Workers with documented chemical exposure may still be denied benefits for disability
The New York Times recently published a column addressing the gap between science, medicine and the law. It identified employees such as Ed Abney, who can identify a valid statistical, scientific basis for their medical problem, but who cannot meet tort "reform" standards that require proof of causation for a particular individual. This issue was less of a problem before product liability "reform" efforts lead to a series of decisions in some jurisdictions (including Michigan) holding that injury victims must establish a higher threshold of proof.
In Abney's case, he used a common industrial solvent [trichloroethylene] on a daily basis as a tool and die maker, before developing Parkinson's Disease at an early age. When the University of Kentucky tied exposure to the solvent to Parkinsonism, by comparing Abney's co-workers with a healthy control group, Abney thought he would be able to document the cause of his early health difficulties. Unfortunately, he was wrong: medical researchers documented the statistical relationship and "causation" with regard to the group of workers, but refused to confirm the cause for any one individual.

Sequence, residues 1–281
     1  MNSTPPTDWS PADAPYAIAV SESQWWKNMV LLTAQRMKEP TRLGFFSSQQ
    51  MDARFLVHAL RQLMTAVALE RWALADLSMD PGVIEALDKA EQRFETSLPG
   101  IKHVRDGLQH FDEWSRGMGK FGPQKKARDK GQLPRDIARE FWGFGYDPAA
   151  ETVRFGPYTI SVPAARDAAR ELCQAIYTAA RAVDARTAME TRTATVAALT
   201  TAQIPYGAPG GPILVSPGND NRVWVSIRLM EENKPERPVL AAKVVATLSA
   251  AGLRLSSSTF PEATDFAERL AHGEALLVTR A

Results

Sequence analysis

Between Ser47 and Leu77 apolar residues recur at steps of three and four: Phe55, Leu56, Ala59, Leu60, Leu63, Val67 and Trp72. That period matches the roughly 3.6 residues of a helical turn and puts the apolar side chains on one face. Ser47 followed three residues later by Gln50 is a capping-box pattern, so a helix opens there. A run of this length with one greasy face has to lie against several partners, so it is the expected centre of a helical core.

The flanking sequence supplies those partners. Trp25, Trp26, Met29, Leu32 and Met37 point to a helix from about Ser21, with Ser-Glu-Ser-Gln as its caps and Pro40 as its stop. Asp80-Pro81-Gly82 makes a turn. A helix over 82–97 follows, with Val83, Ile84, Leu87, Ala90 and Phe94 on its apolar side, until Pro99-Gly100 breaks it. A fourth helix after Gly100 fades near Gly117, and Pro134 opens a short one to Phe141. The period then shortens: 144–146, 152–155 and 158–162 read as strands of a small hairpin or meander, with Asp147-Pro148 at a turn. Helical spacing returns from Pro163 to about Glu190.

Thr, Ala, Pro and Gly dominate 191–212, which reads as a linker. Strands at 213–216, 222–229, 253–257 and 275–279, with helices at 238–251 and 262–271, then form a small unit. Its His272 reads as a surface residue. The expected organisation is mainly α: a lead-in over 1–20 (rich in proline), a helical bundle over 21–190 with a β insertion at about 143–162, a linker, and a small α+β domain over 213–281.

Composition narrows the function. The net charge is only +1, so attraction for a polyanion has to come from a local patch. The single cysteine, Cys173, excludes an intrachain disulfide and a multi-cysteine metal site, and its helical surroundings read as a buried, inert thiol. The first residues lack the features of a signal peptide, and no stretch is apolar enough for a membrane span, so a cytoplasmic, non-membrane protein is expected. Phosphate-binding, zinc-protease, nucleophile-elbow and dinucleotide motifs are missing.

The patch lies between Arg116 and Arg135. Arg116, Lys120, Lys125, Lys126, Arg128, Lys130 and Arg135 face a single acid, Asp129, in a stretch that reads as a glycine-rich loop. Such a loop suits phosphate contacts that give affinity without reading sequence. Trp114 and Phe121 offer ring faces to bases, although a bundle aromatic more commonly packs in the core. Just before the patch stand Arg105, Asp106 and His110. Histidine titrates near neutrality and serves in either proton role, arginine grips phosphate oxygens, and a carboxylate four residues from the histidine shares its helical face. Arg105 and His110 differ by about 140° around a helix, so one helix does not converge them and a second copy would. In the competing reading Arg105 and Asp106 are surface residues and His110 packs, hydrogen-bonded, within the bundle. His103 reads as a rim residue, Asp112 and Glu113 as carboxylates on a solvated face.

Many commentators have noted that where natural causes and environmental exposures at work act together to cause an illness, the employee should be compensated based on the risk inherent in the employees job. This is, obviously, a public policy decision, and of late conservative activists in the judiciary have decided this type of policy issue in favor of employers and insurers. In Michigan, workers compensation rules have been significantly tightened to limit claims, as have the rules for demonstrating causation in product and malpractice cases. Historically, if a wrongdoer was "a" cause of injury, compensation was payable, even if other circumstances played a role: today, our rules for compensating victims have become far more exclusive and harsher.